Asbury Celebrates 'God's Workmanship' in Culture

WILMORE, Ky. — An appreciation for the sheer fun of creating, enjoying and learning from art and ideas permeated the beginning of Asbury University’s annual campus-wide discussion on culture and worldview called Engaging Culture Weekend.

Asbury University Miller Center
Andrea Nasfell (left), a 1995 graduate of Asbury, spoke to students about screenwriting during Engaging Culture Weekend 2014.

From the “Sounds of Stage and Screen” music concert, which featured selections from hits such as “Despicable Me 2,” “Frozen” and “Downton Abbey,” to the workshops and hallway conversations with film industry experts, students at Asbury were invited to explore the unique perspectives and voices they could bring to the cultural landscape of the visual and performing arts.

“It’s been interesting and encouraging to hear from speakers about finding your own voice and being creative, even when you don’t feel like it,” said freshman Sheridan Swathmore. “I’m planning to go to Highbridge for the first time, and I’m really excited about that.”

Senior art exhibitions on display throughout campus reflected on themes of blessing, the Incarnation and other Scriptural motifs, and a reception offered an opportunity to interact with the artists and their work. Throughout the day on Friday, the Miller Center for Communication Arts hummed with activity as workshops on topics ranging from screenwriting, auditioning for film and theatre, creativity and filmmaking drew in community members as well as students, staff and faculty.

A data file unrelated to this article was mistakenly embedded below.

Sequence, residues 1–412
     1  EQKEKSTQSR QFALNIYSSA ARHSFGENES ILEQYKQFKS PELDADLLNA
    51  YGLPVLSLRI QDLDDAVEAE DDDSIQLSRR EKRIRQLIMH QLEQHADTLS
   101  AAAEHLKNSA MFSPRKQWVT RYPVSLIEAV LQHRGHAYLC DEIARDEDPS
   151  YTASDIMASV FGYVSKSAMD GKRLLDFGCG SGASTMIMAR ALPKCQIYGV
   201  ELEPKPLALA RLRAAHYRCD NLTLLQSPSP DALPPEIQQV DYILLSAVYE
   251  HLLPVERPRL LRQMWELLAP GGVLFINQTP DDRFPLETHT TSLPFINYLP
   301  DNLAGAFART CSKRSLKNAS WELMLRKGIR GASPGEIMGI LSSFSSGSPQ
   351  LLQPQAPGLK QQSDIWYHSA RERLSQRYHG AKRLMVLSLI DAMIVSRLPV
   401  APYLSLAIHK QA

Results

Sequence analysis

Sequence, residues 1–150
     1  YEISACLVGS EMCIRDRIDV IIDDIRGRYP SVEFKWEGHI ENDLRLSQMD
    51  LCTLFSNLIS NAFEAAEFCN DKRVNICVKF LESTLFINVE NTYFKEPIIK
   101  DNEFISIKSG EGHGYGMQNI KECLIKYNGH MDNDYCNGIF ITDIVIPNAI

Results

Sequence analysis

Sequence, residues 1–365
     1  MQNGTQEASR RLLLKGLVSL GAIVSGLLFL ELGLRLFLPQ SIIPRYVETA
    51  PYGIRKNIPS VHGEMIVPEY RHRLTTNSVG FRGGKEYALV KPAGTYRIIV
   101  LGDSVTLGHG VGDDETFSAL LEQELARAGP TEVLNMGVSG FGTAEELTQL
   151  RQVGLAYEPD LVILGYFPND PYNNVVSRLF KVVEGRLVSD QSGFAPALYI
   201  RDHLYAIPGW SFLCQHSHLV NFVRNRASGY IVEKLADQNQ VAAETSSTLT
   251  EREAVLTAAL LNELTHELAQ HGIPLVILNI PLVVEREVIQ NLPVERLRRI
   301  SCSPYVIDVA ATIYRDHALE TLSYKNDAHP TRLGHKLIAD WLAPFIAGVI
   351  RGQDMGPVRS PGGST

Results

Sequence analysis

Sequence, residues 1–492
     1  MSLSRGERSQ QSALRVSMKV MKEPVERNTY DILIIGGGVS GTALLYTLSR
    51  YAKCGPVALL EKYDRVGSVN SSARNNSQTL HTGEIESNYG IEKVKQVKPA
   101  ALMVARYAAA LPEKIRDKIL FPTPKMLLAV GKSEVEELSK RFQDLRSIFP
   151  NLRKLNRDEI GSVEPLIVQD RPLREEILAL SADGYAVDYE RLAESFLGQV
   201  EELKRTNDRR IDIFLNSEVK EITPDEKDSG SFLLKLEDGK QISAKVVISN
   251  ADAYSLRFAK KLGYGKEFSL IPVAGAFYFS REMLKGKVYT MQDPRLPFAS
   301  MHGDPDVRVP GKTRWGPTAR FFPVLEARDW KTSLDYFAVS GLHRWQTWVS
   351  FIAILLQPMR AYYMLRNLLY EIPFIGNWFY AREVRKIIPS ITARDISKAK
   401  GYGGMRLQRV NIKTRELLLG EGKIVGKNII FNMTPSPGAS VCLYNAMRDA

“When you find what you are made to do, you will gain energy, not lose it,” said media executive Jim Van Eerden in Chapel on Friday morning, speaking on Paul’s view of Christian believers as “God’s workmanship,” created to do good works. “We are a story being written in time, in the company of other stories being written, and it all reflects the Great Story that transcends time.”

On Saturday, Asbury’s historic Hughes Auditorium will be transformed into one of the largest short-film venues in the area as the 10th Highbridge Film Festival kicks off at 7:30 p.m. More than 1,200 people will sample the talents of student filmmakers — several of whom have found industry acclaim at film festivals around the United States — in genres including animation, drama, comedy and documentary filmmaking. A limited number of tickets will be available at the door if supplies last; a live webcast is available at

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